Marcelo Bielsa is a sage who acts as an oracle for those who want to consult his knowledge. Pep Clotet, the Birmingham coach and a sponge who seeks to learn from everyone, once came to ask him some advice. He had doubts about an Argentine player he wanted to sign. Bielsa did not disappoint, saying: “You may have seen hundreds of videos, investigated his injuries, his history, his private life, analysed his statistics in depth. You can know everything about him, but there is an uncontrollable variable: how he will adapt to his new habitat. It is impossible to know because it is a new reality, something new for everyone that cannot be analysed before his arrival.”
Philippe Coutinho's experience at Barça is a test that empirically confirms Bielsa's theory. Beyond the investment, how the signing was managed, the resistance of Liverpool and his arrival in January 2018, the Brazilian generated a practically unanimous consensus among Barcelonismo.
Barça signed a world-class footballer, with exceptional talent and who had become the great star of Jürgen Klopp's Liverpool team. The German, the smartest in the class, was one of the few who sensed the step that his soccer player was about to take: “Stay here and we will end up building a statue in your honour. Go to another club and you will end up being another player. Here you can be something else.” But to ask absolute loyalty from a Brazilian, whose only shirt is the "green-yellow" of the Seleçao, is to wait for an eagle to give up flying.
He landed at the Camp Nou in January, unable to feature in the Champions League for having already played with Liverpool in the competition - and that even seemed like it could be a positive for his adaptation.
Coutinho gave the feeling, in his first games, that he was, paraphrasing Florentino Pérez, born to play for Barça. He felt comfortable in his new ecosystem, looking for his place on the pitch, halfway between Neymar and Iniesta's football. He started to score goals and lay on assists, to be an important presence. He notched eight goals in LaLiga and two in the Copa del Rey, scoring in the semifinals against Valencia and in the final against Sevilla. He provided five assists in LaLiga and another in the Cup. Little more could be asked in his first half of a season. But something changed. In fact, Coutinho had the feeling from day one as a Blaugrana player that something was wrong.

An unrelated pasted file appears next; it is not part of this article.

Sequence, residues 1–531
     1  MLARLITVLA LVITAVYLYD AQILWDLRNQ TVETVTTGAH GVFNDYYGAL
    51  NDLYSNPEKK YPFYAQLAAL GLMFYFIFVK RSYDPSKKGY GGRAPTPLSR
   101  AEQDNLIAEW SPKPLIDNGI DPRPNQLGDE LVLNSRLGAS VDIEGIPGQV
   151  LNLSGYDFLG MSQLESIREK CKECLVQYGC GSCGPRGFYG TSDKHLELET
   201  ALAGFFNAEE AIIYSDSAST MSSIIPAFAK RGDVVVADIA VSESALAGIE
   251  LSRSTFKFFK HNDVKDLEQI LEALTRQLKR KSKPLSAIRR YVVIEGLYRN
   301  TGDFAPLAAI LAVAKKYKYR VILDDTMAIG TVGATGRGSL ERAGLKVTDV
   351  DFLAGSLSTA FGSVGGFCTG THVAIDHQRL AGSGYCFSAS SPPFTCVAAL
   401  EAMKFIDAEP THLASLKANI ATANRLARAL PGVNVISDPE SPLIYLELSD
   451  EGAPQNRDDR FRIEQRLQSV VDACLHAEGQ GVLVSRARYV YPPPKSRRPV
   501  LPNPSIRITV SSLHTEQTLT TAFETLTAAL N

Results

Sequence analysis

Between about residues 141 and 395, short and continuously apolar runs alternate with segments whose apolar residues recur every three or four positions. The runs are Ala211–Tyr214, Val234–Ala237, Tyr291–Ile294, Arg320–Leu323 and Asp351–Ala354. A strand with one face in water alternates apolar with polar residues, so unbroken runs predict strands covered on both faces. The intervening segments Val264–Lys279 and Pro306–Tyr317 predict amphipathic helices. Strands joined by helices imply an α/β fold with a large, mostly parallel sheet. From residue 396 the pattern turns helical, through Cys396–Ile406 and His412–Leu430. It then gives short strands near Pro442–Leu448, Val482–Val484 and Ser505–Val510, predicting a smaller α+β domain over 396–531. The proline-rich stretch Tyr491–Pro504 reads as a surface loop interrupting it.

The sports management explained to him during the conversations prior to his arrival that he would play in Iniesta's position, that this was the plan for him, that he can forget about trying to be Neymar and play on the wing, a position in which throughout his career he had not played. His first games seemed to go that way, but Valverde had other plans for him and abused Philippe as a winger. So much that he even placed him on the right wing against Real Madrid. Even the departure of Andrés Iniesta did not help him to return to his natural position. Coutinho began to feel out of place and without confidence to offer his best in a position far from the area where his influence in the game is increased.
But not everything has to do with his on pitch duties. When things are not going well and your backpack weighs 160 million euros, it seems there is no other choice but to rebel. It is usual, in private, those who are unhappy with the tasks entrusted to them by Valverde let him know. Everyone complains at Barcelona, but Coutinho never did. Extremely polite, he was not able to demand what in theory belonged to him. Messi and Suarez showed him love, but not everyone did. Some team-mates told him to do extra work in the gym. Such a comment deserved a blunt response, but Philippe is not made of that material. When things are bad, he lacks the character to pull himself out of the well.